Modeling the Distributive Effects of an Agricultural Shock on Household Income in South Africa: A Sam Multiplier Decomposition and Structurel Path Analysis

Julius MUKARATI, Godswill MAKOMBE

Abstract


Abstract. Natural resource redistribution and ownership transfer programs are introduced as a way of improving income distribution and alleviating poverty in rural areas of most developing countries. In the case of South Africa, these redistributive policies are implemented in line with the national development plan targeting extreme poverty alleviation and reduction of wide income disparities by 2030. This paper analyses the distributive effects of the land redistribution policy which is a shock in the agriculture sector on poor household income in South Africa by applying a multiplier decomposition and structural path analysis. The study contributes to the existing literature by providing a microscopic analysis of the global multiplier to show the transmission mechanism of household income from a shock into the agriculture sector and show how income moves across sectors, factors and households by dividing the multiplier effects into all its components. The results showed that poor households received higher direct effects and the rich households received high indirect effects from the shock in the agricultural sector. The structural path shows that a significant portion of the global influence of the shock in agriculture is transmitted through the path of factor income which in turn increases poor household income.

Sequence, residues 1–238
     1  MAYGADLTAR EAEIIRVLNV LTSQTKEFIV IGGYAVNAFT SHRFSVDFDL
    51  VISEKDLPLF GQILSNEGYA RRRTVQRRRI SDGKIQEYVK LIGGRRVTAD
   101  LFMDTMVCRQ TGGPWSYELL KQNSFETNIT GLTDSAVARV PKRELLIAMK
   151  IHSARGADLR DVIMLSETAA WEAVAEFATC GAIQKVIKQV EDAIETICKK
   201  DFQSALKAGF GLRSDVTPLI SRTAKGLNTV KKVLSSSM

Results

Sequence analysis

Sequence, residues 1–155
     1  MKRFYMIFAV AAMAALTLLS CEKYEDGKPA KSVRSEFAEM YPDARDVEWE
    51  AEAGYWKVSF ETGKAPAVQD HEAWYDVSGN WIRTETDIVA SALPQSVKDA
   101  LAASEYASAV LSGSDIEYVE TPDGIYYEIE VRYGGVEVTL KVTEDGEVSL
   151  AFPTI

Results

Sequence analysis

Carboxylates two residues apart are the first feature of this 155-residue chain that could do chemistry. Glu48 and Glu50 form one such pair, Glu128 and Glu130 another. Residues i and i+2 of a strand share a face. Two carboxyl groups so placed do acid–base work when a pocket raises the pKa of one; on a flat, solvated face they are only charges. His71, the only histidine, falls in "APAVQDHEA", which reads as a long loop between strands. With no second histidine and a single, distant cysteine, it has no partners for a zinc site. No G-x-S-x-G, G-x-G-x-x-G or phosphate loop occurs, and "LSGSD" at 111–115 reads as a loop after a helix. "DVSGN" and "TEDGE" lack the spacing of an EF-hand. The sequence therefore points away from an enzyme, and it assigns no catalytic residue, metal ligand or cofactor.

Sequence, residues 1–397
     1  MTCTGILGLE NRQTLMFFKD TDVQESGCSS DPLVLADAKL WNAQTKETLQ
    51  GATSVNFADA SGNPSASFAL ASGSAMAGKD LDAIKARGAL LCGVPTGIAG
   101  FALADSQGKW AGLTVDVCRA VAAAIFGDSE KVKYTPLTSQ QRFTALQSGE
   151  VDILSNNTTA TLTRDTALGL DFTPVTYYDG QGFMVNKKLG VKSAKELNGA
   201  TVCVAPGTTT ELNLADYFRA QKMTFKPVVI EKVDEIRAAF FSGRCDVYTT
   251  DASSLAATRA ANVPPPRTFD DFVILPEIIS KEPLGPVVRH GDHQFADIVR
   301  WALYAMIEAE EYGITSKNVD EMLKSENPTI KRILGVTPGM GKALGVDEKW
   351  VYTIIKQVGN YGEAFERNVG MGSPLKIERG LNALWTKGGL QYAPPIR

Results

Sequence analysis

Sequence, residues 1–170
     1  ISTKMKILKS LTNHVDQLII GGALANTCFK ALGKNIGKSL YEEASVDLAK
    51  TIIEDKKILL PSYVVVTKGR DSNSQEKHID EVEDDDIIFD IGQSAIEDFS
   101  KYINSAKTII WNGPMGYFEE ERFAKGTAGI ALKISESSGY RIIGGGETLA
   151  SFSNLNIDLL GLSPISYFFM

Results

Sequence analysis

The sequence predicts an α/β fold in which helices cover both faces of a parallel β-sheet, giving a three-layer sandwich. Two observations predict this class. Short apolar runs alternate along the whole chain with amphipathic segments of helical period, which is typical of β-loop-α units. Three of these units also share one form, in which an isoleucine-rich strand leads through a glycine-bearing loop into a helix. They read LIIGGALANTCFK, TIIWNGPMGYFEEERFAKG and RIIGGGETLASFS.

Keywords. Multiplier decomposition, Structural path analysis, Land redistribution.

JEL. I38, O13, Q15, Q18.

Keywords


Multiplier decomposition; Structural path analysis; Land redistribution.

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References


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DOI: http://dx.doi.org/10.1453/jeb.v4i1.1154

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